2016 Breakout Sessions - Saturday 4:30 - 5:30 PM
1. An In-Depth Look at Underwings - Dr. David Horn
The Underwing Moths of the genus Catocala present beginning moth-ers with some challenging identification issues. There are over sixty species of underwings in Ohio and more than 100 in North America. Differences between species are often subtle. There is also the usual issue that the color variation prevalent throughout moth-dom is present in underwings, and a field guide can only show a limited number of pictures. If you stalk moths with a camera there is an additional problem: most underwings conceal their showy hindwings when at rest and fly away quickly when disturbed (sometimes by a photo flash), leaving the moth-er to wonder: “Did I just see pink or orange or what?”
This session will provide you with information on what to look for and how habitat and season can be added to color and pattern to help with identification of this interesting and popular group of moths.
2. Slug Moths are No Slugs! - Jim McCormac, Ohio Division of Wildlife
Ohio’s 2,500 or so moth species include lots of beautiful and bizarre creatures, but few can match the slug caterpillar moths. Despite the unappealing generic name for the group, the slug moths and especially the caterpillars rank high among our most interesting lepidopterans. This talk will overview the eighteen species in the Limacodidae, using lots of visuals, and focusing on the species that occur in Adams and Scioto counties.
3. Ecology of Moths and Butterflies - Dr. Dave McShaffrey
Have you ever wondered why moths are (usually) dull and furry and have big feathery antennae while butterflies are bright with slender antennae? This presentation will explore the ecology of moths and butterflies, and shows how their ecological niches shape the organisms we see. We’ll look at the distinct roles of caterpillars and adults; the sensory world of Lepidoptera; their never-ending battles with predators, parasites and plants; and the central importance of temperature in their lives. Learn how a quick look at a butterfly or moth can tell you much about where it lives, when it is active, what it eats and more.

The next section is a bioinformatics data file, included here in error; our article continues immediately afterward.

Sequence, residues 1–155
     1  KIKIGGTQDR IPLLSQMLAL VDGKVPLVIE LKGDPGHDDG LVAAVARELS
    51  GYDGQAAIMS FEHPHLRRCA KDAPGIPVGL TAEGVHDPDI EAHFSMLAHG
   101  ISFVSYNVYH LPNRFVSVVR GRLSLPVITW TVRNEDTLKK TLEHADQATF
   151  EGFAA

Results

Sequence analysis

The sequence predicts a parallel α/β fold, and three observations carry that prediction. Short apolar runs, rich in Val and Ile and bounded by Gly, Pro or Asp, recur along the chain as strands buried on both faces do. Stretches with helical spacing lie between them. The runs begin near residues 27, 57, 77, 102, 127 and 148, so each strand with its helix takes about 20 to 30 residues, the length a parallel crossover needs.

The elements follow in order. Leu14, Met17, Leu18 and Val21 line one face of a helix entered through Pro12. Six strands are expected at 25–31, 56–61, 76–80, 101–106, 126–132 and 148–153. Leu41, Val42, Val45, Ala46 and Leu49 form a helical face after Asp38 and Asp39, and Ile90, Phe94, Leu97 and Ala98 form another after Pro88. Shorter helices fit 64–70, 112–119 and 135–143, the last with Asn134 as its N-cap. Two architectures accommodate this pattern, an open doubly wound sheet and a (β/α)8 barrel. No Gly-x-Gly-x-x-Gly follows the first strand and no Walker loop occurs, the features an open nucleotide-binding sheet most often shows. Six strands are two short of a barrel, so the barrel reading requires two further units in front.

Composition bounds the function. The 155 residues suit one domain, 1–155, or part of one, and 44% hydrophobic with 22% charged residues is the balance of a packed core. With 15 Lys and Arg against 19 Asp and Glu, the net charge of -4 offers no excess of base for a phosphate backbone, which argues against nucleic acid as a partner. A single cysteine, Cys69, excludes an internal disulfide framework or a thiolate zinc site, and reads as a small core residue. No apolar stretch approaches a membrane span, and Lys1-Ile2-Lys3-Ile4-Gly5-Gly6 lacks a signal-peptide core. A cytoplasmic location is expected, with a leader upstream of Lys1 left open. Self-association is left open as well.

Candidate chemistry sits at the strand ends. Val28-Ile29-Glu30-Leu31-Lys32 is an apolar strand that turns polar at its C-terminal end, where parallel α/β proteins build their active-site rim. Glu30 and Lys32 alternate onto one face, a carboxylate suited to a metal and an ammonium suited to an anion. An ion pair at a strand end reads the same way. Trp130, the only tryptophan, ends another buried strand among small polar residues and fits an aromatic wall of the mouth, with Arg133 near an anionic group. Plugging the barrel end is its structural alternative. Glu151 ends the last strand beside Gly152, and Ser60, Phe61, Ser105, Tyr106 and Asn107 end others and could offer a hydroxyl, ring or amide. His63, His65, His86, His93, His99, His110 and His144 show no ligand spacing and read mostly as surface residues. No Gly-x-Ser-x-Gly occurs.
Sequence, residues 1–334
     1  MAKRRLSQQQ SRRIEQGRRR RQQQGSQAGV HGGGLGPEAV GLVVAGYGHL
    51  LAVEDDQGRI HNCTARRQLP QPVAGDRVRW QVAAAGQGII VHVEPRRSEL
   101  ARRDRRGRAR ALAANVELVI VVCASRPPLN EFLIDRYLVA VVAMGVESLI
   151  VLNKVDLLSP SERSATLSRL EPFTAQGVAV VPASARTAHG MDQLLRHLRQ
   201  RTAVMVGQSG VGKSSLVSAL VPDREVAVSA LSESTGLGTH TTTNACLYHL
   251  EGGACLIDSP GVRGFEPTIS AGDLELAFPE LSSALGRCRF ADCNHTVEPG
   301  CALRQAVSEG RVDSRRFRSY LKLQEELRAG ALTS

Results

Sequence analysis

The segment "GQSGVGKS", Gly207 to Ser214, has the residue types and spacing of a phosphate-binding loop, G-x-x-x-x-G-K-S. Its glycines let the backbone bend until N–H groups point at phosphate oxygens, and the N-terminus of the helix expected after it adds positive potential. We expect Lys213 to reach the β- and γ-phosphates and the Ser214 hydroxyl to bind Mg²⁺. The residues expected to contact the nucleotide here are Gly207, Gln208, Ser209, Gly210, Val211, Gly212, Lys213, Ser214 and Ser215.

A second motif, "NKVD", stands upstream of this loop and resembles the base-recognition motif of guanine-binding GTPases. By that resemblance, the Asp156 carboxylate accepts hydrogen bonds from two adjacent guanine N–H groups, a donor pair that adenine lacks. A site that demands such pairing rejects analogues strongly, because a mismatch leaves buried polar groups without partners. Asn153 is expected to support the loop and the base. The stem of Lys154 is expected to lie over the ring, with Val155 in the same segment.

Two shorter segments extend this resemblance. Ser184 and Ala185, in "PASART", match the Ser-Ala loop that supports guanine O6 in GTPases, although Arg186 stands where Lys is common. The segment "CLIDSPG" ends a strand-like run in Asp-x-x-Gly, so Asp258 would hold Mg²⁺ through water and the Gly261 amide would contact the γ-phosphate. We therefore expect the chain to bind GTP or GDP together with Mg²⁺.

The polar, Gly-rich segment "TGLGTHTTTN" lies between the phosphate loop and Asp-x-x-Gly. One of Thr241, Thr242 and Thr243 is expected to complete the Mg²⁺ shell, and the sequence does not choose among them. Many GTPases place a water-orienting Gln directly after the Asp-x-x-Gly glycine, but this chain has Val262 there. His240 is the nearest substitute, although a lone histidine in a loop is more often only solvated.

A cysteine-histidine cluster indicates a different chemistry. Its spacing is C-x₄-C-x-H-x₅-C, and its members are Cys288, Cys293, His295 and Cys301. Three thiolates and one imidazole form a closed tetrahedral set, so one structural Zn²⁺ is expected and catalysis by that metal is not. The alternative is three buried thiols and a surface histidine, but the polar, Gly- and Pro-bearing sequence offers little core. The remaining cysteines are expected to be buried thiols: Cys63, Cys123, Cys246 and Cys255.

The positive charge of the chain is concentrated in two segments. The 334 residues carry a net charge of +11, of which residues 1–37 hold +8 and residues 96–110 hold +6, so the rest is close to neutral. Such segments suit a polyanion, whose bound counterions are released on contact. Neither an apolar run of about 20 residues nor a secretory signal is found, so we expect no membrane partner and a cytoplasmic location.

4. A Peculiar Place: Life on the Edge of Appalachia - Robyn Wright-Strauss, Chief Naturalist, Edge of Appalachia Preserve System
Adams County hosts an incredibly diverse amount of flora and fauna. Different habitats from streams and creeks, a variety of forest types, cliff faces, and dry prairies make up the Edge of Appalachia Preserve System. The preserve protects many rare species including iconic animals like the green salamander, Allegheny wood rat, and the Edward's hairstreak butterfly. There are several rare plants like the wood lily, tall larkspur, and crested coral root that can be found on the preserve as well. In this workshop discover the ins and outs of why Adams County is so special and so blessed with biodiversity. Learn about the scientific work being conducted on the preserve and see some of the collected specimens that are being used to further our knowledge about plants and animals.